Jonathon S. Platt
Judge Ken Starr said he didn’t sleep much last night. In fact, he hasn’t slept much at all lately. What’s different about today though, Starr said Wednesday afternoon, is that he has found “a sense of inner peace.”
After consulting scripture, seeking counsel from trusted advisors and “spending a good deal of time” reading emails of both concern and support, Starr’s conviction to offer greater transparency led him to a decision. He chose to step down as chancellor of Baylor University.
“I have called — from day one — for transparency,” Starr said. “And I reached the stage, tentatively, last night and then came to the conclusion firmly early this morning that in conscience I had to resign — to my sorrow — so I could speak out freely and call for transparency.”
On May 26, Baylor’s Board of Regents dismissed Starr from his post as university president, but chose to keep him as chancellor and Louise L. Morrison Chair of Constitutional Law at Baylor Law School. This decision came after board members reviewed a completed report from the Law Firm of Pepper Hamilton, a Virginia based group that investigated Baylor’s handling of sexual assault cases. The board also placed Baylor’s head football coach Art Briles on a path to termination and suspended athletic director Ian McCaw. McCaw resigned his post Monday.
After his resignation, Starr chose to sit down with the Lariat to offer the transparency he felt was necessary.
Lariat: With many news stories coming out about the board’s recent decision to alter leadership at Baylor, do you think anything is being missed?
Starr: What I’ve been trying to say is that I hope Baylor Nation will get on the road to healing. We need to address this chapter of interpersonal violence — I think we have been addressing it — and then in grief for the victims and doing right for the victims and their families, whose lives have been so affected…we have to do the right thing. But in order to close this chapter and learn all the lessons, we need the facts.
The truth may be very unattractive, but we need to have the truth. We need it fully, not partially. And now I’m able to say that.
L: What is next for Baylor in solving how reports of sexual assault are handled?
S: I believe that we are right at the cusp of the gold standard and best practice with respect to counseling. We are moving aggressively with respect to prevention. We need to cut this off before it happens. We increasingly realized that for there to be prevention, we needed bystander intervention.
The point that I’m trying to make is: I believe that we have a very good and robust set of protections and procedures in place.
It comes down to character. And here’s the good news: Baylor’s student body is a wonderful and gracious and kind student body. It’s a caring and loving student body. Almost everyone came here because of its Christian mission. We all sin and fall short of the glory of God. We will not be a perfect community, but we are a good and caring community and that’s one of the things I prized and treasured about Baylor.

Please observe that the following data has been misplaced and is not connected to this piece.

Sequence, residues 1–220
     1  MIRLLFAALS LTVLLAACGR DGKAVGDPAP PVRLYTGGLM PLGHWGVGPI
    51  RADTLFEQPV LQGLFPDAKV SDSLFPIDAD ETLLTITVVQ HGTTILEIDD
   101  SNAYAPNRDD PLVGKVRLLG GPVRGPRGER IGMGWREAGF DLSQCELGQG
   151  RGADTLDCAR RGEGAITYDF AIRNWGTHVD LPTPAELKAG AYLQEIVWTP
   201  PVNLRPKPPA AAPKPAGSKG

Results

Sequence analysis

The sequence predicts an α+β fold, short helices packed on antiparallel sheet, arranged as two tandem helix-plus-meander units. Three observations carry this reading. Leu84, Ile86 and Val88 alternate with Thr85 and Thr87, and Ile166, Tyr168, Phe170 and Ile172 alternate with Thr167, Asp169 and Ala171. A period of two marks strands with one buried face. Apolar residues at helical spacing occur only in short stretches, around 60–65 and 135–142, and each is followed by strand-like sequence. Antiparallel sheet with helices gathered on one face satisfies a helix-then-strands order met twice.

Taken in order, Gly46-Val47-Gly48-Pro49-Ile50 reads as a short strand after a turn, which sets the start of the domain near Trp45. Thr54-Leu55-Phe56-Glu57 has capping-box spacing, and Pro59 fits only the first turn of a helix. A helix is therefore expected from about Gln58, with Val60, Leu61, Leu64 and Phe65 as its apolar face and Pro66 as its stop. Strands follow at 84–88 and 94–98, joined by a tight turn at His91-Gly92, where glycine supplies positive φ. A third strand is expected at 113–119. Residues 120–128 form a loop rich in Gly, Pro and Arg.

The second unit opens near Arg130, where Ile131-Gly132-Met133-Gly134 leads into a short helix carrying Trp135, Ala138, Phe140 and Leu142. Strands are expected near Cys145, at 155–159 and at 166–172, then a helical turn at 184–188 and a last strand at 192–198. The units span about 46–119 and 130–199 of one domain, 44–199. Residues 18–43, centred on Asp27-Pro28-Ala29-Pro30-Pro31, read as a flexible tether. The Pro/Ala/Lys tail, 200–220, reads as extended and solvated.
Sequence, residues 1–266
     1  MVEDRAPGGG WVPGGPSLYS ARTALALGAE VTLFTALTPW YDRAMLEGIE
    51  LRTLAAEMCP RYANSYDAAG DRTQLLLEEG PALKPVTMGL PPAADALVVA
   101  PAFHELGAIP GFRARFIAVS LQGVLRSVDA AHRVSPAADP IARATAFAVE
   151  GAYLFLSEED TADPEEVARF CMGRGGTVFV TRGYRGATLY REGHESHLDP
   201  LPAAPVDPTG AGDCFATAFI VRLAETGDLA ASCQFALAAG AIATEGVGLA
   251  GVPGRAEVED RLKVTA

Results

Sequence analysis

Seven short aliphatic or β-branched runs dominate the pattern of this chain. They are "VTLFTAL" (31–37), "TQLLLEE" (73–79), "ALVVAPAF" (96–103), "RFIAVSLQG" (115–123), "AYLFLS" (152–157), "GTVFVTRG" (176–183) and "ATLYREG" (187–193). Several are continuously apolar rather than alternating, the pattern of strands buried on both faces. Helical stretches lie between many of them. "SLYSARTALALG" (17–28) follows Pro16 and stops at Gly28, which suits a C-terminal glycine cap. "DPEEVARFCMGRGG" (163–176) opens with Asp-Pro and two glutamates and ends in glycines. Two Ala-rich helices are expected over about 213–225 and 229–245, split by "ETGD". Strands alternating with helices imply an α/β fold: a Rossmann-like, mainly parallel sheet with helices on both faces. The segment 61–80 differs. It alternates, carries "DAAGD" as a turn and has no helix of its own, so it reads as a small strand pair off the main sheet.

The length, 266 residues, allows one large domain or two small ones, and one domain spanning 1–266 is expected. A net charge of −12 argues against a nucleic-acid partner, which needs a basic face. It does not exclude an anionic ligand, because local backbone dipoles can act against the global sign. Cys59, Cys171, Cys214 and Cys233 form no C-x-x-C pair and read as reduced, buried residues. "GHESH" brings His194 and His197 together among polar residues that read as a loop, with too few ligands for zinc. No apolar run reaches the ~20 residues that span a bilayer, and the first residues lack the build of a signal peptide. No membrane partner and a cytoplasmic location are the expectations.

I’m inspired. I’m not just encouraged. I’m inspired by our students.
L: If you were a student, how would you want to be reassured you are safe at Baylor?
S: I don’t need confirmation. I know it with every interaction I have, including even today.
L: With hindsight and this new ability to be more open and transparent, is there a point at which you wish you had done something differently?
S: When you look at the facts of what the Baylor administration did, I’m very proud of what the Baylor administration did.
Did we do everything right in the perfect or the best practices way? No.
L: Is there a specific example where you think Baylor fell short?
S: We fell short — especially in recent years — with respect to counseling capacity. It is true that students at Baylor University were turned away — not irrevocably. We simply do not have the capacity to attend to (all the students’) needs. And I think we were slow. And I accept responsibility for enhancing that counseling capacity.
I’m very pleased and I applaud the Board of Regents in recent months — really, at the February meeting — for guiding and directing the administration to substantially expand our counseling capabilities.
I believe we are on a good trajectory. I think our Title XI office, at present, reflects best practices. I think we are becoming — if we aren’t quite there yet — the gold standard.
I think we’re there. Let other express their opinion.
L: What is the message you want to leave the students you loved so much?
S: That I’m still here! I’m no longer president and now, as of today, I’m no longer the chancellor of the university, but I eagerly hope to be very engaged in student life.
L: We have watched you run the Baylor Line since 2010. Why did you do that?
S: It’s not for the exercise. It is to show symbolically my deep connection with the students. I become a student. I put on my line jersey and run with the freshmen. Slightly ahead, but, as each year goes by, less ahead than I was able to run in 2010.
L: How is Mrs. Starr doing?
S: She’s doing very well. She’s working with family and dear friends outside the Waco area. She’s very strong.
Like he said he hoped to be, Starr was open and transparent. In the comfort of his living room, he was warm and welcoming, but ended on an emotional note. When asked how he hoped Baylor students would remember their “Uncle Kenny,” he straightened up.
“He loved the students,” Starr replied. He was holding back tears.